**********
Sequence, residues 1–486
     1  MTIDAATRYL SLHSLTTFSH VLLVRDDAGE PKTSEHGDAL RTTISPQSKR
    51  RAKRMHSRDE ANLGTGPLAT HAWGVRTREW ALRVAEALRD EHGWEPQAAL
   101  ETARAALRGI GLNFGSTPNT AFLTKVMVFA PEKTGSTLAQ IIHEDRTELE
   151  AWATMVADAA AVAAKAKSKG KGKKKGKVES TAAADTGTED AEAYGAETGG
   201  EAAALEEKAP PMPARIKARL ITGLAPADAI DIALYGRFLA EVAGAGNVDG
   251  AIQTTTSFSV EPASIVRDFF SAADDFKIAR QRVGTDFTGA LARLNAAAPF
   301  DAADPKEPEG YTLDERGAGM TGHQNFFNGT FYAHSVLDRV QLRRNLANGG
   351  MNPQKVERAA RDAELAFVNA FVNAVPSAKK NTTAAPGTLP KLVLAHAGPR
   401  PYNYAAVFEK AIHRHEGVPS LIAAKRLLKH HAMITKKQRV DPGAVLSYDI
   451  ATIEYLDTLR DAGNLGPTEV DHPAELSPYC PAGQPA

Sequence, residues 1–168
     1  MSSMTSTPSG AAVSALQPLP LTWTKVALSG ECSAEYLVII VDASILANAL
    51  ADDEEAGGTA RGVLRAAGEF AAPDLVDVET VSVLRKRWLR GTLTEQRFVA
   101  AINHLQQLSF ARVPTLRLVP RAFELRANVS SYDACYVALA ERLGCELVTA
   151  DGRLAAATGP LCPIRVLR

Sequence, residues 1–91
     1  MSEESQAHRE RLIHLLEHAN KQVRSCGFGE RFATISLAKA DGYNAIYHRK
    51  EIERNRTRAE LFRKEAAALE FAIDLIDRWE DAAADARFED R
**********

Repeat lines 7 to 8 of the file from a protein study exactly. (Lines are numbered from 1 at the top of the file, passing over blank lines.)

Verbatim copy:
   251  AIQTTTSFSV EPASIVRDFF SAADDFKIAR QRVGTDFTGA LARLNAAAPF
   301  DAADPKEPEG YTLDERGAGM TGHQNFFNGT FYAHSVLDRV QLRRNLANGG